SV Pilgrim - 1979 Morgan 382 - Homeport: Beaufort, NC

Monday, January 5, 2015

Prep for Removing Pilgrim’s Rudder

We plan complete the rudder modifications with the rudder removed from Pilgrim.  Dropping the rudder off a Morgan 382 requires a few prerequisites… remove the gudgeon, disconnect the steering cables, remove the steering quadrant, remove the packing gland nut, and remove the packing material.  Once all these steps are completed then the boat must be hoisted up by the travel lift to provide the clearance necessary to slide the rudder out of the hull.

Based a visual assessment, I thought the gudgeon was fastened to the skeg with four bronze, counter sunk machine screws.  Unfortunately one of the screws had the head sheared off.  I purchased an impact driver and steeled myself for a battle to remove the gudgeon.  In one of the rare instances in which a boat project consumes less time than predicted, I had the rudder gudgeon removed in minutes. 
Pilgrim's Bronze Rudder Gudgeon
What I though was a sheared screw head was actually the opposite end of the bolt closest to the rudder.  I released the sigh heard round the boat yard upon realizing my glorious misunderstanding.  The gudgeon is held in place by three screws not four.   The two forward screws pass through the fiberglass skeg and mate with threads machined into the opposite gudgeon arm.  The aft fastener threads directly into the opposite side of the gudgeon.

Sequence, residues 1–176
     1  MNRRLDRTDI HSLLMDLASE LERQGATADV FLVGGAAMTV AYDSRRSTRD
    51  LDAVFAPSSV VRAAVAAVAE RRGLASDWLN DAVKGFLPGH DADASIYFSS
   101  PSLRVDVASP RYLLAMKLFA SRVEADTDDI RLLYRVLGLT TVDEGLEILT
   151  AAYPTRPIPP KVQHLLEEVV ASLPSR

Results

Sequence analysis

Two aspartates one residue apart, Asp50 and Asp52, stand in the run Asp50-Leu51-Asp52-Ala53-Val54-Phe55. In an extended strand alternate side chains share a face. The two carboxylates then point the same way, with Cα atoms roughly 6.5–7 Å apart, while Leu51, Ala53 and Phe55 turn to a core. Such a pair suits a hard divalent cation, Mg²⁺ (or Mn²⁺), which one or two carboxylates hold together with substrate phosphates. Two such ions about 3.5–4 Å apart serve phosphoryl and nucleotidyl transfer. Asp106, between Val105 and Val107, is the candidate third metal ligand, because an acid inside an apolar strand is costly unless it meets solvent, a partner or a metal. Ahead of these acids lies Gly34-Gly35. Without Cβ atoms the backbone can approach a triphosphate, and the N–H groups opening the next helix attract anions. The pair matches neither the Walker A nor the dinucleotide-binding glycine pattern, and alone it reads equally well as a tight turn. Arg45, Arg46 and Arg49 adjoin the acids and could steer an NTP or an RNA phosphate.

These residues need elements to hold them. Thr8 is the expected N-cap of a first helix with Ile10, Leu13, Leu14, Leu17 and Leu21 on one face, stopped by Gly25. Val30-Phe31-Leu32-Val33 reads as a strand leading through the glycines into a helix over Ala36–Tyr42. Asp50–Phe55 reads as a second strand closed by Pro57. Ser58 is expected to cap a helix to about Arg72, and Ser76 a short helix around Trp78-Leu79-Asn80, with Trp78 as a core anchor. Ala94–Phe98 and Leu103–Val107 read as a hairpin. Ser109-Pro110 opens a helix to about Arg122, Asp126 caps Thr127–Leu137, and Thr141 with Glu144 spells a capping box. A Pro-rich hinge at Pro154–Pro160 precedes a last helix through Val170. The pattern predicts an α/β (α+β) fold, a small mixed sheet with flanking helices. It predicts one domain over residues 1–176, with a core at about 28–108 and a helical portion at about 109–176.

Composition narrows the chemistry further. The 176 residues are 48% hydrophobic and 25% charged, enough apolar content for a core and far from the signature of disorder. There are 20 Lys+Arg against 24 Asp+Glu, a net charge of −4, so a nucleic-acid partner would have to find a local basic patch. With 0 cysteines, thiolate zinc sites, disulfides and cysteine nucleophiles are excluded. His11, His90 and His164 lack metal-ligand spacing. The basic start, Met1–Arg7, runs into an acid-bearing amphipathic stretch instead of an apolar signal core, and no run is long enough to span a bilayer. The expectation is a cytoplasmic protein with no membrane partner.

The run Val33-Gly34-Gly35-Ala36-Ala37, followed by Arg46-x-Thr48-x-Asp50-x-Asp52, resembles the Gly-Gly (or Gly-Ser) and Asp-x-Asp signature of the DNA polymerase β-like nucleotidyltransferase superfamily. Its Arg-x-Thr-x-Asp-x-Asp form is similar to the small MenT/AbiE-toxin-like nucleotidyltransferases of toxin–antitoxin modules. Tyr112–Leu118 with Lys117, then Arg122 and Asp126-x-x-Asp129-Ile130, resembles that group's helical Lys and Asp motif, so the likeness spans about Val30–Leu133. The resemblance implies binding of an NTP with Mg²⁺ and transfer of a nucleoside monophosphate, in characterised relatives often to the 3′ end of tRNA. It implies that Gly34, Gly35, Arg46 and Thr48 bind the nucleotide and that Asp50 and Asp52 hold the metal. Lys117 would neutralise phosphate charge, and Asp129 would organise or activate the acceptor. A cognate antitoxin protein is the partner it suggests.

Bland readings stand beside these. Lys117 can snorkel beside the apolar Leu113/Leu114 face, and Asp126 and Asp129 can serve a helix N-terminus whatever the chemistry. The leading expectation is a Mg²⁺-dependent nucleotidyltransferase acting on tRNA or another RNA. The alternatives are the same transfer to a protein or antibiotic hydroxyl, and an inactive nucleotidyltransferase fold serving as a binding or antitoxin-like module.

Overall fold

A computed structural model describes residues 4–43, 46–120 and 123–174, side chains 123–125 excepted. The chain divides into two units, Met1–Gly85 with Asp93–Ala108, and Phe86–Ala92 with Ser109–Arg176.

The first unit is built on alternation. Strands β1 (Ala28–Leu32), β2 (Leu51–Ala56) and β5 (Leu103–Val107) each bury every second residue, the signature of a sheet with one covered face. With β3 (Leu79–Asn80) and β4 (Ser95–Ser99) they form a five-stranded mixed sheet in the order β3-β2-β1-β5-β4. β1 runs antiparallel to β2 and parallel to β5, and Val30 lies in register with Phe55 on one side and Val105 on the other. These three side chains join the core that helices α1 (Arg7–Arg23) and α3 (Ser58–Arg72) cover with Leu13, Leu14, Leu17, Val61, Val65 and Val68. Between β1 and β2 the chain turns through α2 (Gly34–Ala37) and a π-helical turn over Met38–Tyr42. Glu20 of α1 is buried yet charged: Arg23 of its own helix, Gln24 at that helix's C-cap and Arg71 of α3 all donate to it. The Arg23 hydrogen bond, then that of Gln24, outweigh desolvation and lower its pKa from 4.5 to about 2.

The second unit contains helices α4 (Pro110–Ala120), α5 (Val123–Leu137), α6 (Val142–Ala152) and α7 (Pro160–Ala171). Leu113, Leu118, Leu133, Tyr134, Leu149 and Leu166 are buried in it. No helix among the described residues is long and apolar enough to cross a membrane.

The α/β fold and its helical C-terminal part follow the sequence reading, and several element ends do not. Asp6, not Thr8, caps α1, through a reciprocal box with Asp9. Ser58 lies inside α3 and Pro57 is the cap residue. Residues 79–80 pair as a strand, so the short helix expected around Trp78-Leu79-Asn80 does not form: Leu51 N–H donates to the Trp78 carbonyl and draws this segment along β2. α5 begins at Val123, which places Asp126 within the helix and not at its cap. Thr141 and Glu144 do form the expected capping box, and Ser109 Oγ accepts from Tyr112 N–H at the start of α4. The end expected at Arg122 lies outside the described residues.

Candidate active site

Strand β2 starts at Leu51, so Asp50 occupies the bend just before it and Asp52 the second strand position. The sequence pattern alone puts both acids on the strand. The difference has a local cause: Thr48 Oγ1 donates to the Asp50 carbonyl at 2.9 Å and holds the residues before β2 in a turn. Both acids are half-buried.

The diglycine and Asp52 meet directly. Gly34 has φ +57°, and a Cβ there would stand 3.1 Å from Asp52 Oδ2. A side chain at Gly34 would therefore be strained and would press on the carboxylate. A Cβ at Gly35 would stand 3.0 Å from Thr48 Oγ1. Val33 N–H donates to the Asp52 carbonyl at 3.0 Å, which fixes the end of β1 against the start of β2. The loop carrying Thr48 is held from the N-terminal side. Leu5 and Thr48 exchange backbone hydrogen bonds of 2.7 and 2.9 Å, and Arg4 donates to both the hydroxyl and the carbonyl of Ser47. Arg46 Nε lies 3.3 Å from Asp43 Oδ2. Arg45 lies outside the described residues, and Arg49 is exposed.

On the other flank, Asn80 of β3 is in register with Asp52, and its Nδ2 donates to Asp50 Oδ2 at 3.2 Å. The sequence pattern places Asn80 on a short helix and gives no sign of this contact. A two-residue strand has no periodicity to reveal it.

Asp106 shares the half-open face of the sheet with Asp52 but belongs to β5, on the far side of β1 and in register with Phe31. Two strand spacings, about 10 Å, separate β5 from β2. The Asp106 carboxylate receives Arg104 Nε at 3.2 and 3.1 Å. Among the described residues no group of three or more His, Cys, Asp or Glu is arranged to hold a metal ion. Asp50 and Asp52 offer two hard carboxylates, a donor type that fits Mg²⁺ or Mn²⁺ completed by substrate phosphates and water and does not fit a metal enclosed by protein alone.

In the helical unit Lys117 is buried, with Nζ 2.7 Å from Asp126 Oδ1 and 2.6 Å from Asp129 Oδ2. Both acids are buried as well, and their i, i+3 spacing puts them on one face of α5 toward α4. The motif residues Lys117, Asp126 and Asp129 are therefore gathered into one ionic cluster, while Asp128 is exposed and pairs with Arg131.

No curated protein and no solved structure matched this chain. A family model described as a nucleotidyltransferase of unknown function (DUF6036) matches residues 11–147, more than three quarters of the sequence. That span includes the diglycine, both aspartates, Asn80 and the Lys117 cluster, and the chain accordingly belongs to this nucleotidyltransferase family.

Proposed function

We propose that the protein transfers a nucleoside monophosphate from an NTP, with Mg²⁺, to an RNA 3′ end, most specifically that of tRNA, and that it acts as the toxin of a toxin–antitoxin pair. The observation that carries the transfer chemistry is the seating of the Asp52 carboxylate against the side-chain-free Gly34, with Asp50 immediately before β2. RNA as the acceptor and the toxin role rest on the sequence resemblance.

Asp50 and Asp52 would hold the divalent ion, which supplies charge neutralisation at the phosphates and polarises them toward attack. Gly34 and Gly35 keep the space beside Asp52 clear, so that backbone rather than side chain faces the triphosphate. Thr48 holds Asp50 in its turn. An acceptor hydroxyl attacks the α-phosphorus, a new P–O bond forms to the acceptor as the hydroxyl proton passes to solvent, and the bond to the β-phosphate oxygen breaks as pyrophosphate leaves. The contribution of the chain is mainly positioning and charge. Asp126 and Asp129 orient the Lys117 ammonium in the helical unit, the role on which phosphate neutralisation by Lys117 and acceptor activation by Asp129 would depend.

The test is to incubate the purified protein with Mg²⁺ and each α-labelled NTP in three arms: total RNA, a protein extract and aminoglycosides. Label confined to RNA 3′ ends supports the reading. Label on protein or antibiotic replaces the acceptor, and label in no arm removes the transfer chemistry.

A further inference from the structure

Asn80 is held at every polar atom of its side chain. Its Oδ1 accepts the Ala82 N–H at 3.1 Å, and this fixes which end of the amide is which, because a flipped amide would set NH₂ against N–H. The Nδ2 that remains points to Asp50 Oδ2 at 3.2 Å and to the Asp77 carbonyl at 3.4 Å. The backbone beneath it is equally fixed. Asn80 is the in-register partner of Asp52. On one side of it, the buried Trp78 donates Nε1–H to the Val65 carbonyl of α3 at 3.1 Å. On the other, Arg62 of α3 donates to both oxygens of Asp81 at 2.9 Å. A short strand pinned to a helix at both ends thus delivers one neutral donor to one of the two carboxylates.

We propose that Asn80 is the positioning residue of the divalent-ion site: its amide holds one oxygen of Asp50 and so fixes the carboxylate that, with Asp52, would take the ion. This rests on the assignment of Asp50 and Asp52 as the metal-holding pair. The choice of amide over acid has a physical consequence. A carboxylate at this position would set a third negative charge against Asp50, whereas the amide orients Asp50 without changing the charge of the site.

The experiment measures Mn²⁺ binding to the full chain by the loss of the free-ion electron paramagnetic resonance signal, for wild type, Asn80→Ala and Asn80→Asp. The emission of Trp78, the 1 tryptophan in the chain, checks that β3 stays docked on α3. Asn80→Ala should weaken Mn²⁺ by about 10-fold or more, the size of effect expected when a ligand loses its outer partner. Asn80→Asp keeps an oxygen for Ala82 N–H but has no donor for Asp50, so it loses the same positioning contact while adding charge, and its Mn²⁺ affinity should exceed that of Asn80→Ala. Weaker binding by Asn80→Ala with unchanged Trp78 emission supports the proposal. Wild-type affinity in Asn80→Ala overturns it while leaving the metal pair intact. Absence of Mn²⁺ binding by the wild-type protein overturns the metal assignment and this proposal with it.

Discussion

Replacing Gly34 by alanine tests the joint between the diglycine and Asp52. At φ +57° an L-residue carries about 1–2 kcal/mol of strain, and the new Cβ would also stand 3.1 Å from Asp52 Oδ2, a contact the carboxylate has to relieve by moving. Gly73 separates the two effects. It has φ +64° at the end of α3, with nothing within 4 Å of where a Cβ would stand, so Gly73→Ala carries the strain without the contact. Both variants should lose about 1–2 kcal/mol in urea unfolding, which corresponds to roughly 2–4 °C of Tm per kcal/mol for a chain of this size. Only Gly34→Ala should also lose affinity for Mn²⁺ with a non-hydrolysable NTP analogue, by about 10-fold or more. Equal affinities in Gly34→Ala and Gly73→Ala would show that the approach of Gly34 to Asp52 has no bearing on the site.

The inside faces of Pilgrim's rudder gudgeon.

Fortunately inside face of the gudgeon is in good condition.  Due to wear on the screw heads, we plan to replace the fasteners.  We will also need to replace the nylon bushings on the top and bottom of the gudgeon. 

The steering cables, quadrant, and packing gland are accessed via a hinged hatch under the helm seat.
Looking down from the cockpit into the locker that contains the steering quadrant and the rudder stock.

I was surprised to discover that the port side (right in image above), vertical support had been repaired sometime in the past.  My best guess is the rudder stop bolted onto the quadrant (bottom center in the image above) was driven into the post hard enough to break it.  Forces of this magnitude could occur in heavy seas or in grounding.  Fortunately the steering quadrant seems no worse for the wear and the repair appears sound.  

The steering cables and steering quadrant were not difficult to remove.  The plywood panels on either side of the steering mechanism were merely attached to the vertical posts so they too were jettisoned from the locker. 
Decades of dirt and scum coat the interior of the locker.
Generally speaking the surrounding locker was filthy.   While working in the area we pulled the engine exhaust hose and the defunct manual bilge pump.  Then I climbed inside with a scrub brush and some TSP.  Time for some serious scum removal.
In the rinsing phase of the locker clean up.
The space is tiny.  I could only fit my head sideways in the small void behind the helm seat back.  Looking the opposite direction required me to bend forward and place my head between my folded legs. The results were worth the discomfort.
Locker post scrub down.  Fitting at top of image is engine exhaust thru-hull.

Now for that massive packing nut…


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